Disabled People Not Supported in Electoral Reforms, New Report Finds

Thu,21 March 2024
Announcement Equality & Rights Participation
A new report highlights the current state of the electoral registration system for local government elections in England and UK General Elections, asking that an urgent review takes place.

The report from the Levelling up, Housing and Communities Select Committee found issues with the implementation of recent electoral registration reforms, including voter ID -  introduced in May 2023, that requires photo identification in order to vote. 

Chairman of the committee Clive Betts said the new requirements had been “tacked onto a Victorian era system” that was “creaking” and letting down voters, adding that a “failing” electoral registration system risks disenfranchising up to eight million voters at the next election and presents a threat to the rights of the British electorate. 

The committee found that the current electoral registration system is inefficient and ineffective, and that the requirement to show voter photo ID at the ballot box makes matters worse. They suggested that the list of accepted photo identification should be widened to include other forms, including emergency service passes and non-London travel passes, to enable people to vote when a General Election is called later this year. 

Mr Betts further added that “We need a major review of our election arrangements to boost voter registration and to ensure our elections are seen as credible and legitimate. It is a major and fundamental defect in our democratic system that many millions of UK citizens face being unable to make their voice heard at election time.”  

The committee is concerned to ensure that any new electoral change is fully implemented by the next election. They added that any delay would increase the risk of something major going wrong at a national election, including large numbers of people being turned away or voters not being put on the registers in time to vote, which would have a negative impact on the current high level of confidence in the electoral system. 

During the course of their Inquiry, they were told that many Disabled people do not feel supported to register to vote, and that they particularly struggle with the lack of variety in communication channels. 

Last year another report from MPs and peers on the All-Party Parliamentary Group on Democracy and the Constitution, highlighted a surge in racial and disability discrimination at local elections in England. That report also called for changes including the acceptance of a greater range of ID documents.  

The APPG highlighted the story of Andrea Barrett, who is immunocompromised and was blocked from entering a polling station after refusing to remove her mask for an identification check, saying at the time that “their decision in that instance was … clearly discriminatory (and potentially unlawful) because they denied Andrea Barrett the right to cast a ballot purely on the basis of circumstances which arose as a direct result of a disability.”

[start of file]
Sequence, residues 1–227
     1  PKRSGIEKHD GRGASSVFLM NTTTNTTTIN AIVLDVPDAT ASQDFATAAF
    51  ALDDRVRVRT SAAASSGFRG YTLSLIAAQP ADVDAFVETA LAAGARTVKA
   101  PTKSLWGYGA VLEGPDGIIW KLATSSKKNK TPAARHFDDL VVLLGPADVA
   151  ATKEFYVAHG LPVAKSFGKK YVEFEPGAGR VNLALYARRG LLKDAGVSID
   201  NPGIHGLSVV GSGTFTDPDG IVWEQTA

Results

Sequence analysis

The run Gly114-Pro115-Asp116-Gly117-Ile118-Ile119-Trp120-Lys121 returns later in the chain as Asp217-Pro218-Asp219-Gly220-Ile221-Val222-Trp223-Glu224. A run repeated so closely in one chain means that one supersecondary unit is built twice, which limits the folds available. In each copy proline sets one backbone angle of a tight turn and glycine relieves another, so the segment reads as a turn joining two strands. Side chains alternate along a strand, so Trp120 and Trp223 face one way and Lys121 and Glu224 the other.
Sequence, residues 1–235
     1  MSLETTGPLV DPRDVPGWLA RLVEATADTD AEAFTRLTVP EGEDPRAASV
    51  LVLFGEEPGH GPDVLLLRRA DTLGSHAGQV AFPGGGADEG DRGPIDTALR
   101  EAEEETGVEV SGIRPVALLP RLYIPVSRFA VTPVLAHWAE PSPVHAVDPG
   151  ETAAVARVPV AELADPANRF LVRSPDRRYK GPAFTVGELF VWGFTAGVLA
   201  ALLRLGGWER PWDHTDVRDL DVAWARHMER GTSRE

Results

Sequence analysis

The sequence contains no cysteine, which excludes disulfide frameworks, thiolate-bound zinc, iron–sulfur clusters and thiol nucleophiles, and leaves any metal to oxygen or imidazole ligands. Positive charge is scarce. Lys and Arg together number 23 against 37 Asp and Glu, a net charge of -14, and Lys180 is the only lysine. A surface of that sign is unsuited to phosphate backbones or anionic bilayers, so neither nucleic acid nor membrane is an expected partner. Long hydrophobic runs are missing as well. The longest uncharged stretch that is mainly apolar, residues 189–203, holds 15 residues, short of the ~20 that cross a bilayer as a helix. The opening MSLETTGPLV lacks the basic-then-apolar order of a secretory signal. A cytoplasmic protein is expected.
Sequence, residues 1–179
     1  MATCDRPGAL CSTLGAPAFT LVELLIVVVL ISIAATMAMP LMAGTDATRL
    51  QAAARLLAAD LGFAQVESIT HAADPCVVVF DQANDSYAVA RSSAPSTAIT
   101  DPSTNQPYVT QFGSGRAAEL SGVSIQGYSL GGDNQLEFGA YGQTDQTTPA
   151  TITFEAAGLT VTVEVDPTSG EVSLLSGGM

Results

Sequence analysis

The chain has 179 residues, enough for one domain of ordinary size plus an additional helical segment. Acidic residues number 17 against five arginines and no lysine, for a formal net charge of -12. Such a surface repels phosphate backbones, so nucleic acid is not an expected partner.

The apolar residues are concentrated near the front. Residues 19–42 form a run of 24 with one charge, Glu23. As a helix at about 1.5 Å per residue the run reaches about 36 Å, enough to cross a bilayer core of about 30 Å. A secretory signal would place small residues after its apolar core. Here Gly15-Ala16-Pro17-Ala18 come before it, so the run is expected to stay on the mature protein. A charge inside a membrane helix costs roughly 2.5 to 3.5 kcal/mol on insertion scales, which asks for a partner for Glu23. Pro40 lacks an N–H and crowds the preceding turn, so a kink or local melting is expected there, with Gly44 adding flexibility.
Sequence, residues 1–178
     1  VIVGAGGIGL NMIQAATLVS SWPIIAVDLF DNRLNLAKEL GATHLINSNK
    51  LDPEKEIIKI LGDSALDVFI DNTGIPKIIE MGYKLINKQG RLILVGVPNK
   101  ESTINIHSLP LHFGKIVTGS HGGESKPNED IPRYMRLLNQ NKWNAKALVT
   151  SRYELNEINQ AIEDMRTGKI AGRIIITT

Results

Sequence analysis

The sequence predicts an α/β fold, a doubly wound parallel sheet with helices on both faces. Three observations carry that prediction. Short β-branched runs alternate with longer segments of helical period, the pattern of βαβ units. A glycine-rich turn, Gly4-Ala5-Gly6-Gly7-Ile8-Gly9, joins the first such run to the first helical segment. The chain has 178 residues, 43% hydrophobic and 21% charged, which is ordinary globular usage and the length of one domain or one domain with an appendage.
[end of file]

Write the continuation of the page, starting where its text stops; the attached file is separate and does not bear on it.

That report was co-authored by Sir Robert Buckland, who was the justice secretary in 2021 when the Bill to introduce the rules on voter ID was first launched in parliament. 

Responding to this latest report, the Government said it did not agree to extending the list of acceptable photo ID, even though research shows that, at last year’s local elections in May, some 740,000 people – about 4% of voters – were turned away because they did not have adequate ID. 

Dan White, Policy and Campaigns Officer at DR UK said: “The Government say they are committed to ensuring everyone has the opportunity to have a say in our democracy, and yet the facts tell us otherwise.” 

“We know that more disadvantaged groups are less likely to have photo ID. The  Government’s own research found that those with severe disabilities, the unemployed, people without qualifications, and those who had never voted before were all less likely to hold any form of photo ID, so an implementation of the Committee’s findings is vital.” 

“Disabled people are already being pushed further onto the fringes of society, with our rights, benefits and access to care and support being shrunk. Placing barriers in the way of our right to vote, restricts and prevents our democratic participation. This perpetuates discrimination and bias, of which the United Nations is now very aware.” 

Read more about voters rights and the need for an election fund to support reasonable adjustments for Disabled candidates at local and national elections in our Disabled people’s manifesto.